Censorship or Content Restrictions: The government influenced news coverage and program content on television channels and public and private radio stations. Journalists with the state-owned media regularly exercise self-censorship to avoid sanctions or reprisals from government’s officials.
National Security: Libel deemed to threaten the national interest is punishable by six months to five years in prison.
The government did not restrict or disrupt access to the internet or censor online content, and there were no credible reports that the government monitored private online communications without appropriate legal authority. According to the International Telecommunication Union, approximately 44 percent of the population used the internet in 2017.
ACADEMIC FREEDOM AND CULTURAL EVENTS
There were no government restrictions on academic freedom or cultural events.
The law provides for the freedoms of peaceful assembly and association, but the government sometimes restricted the freedom of peaceful assembly.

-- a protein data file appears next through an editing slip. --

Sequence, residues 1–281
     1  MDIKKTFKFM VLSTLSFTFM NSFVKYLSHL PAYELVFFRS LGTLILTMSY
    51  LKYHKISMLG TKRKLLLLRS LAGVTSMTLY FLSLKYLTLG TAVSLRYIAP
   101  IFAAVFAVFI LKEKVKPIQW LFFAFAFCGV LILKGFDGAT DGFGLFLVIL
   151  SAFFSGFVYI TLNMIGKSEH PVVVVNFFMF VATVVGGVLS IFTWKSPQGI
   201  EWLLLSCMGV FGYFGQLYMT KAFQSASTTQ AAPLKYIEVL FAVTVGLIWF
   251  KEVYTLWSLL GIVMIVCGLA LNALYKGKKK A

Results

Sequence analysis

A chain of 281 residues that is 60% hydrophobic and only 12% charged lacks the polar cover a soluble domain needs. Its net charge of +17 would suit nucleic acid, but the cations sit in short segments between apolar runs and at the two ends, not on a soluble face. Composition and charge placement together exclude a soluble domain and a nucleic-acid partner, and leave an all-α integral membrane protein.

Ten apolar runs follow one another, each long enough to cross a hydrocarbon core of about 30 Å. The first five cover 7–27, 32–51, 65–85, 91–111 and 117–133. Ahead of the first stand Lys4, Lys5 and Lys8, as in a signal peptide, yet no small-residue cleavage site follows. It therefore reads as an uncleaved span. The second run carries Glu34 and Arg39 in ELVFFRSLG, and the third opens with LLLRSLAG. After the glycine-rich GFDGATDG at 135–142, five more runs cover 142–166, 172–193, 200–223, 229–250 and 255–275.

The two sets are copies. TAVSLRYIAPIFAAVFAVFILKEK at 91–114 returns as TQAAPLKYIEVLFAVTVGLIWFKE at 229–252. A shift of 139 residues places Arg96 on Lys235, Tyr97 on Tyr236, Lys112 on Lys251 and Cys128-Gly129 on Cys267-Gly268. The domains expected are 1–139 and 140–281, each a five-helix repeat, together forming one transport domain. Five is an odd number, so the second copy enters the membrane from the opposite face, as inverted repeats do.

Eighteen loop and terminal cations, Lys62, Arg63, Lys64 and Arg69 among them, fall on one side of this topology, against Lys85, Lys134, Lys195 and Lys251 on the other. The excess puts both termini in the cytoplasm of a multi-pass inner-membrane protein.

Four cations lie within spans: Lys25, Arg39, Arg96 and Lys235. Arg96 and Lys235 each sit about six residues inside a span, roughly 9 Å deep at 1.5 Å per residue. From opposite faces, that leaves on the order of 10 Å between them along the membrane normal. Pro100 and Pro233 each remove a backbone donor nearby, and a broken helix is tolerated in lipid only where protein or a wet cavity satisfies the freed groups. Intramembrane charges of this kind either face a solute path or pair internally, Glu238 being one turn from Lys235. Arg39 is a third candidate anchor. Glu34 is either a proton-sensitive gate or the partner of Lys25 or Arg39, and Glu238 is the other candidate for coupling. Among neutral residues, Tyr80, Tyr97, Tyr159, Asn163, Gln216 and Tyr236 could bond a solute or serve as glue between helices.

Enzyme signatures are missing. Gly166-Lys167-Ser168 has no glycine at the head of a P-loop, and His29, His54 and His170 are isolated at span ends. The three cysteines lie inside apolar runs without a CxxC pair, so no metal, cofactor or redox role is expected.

FREEDOM OF PEACEFUL ASSEMBLY
The law provides for freedom of peaceful assembly, but the government did not always respect this right. The law requires groups that wish to hold demonstrations or rallies in stadiums or other enclosed spaces to submit a written notice to the Ministry of Interior three days before the proposed event. Numerous opposition political groups reported denials of their requests to hold political meetings and alleged inconsistent standards for granting public assembly permissions. In some instances public officials stated they could not provide for the safety of opposition groups attempting to organize both public and private meetings.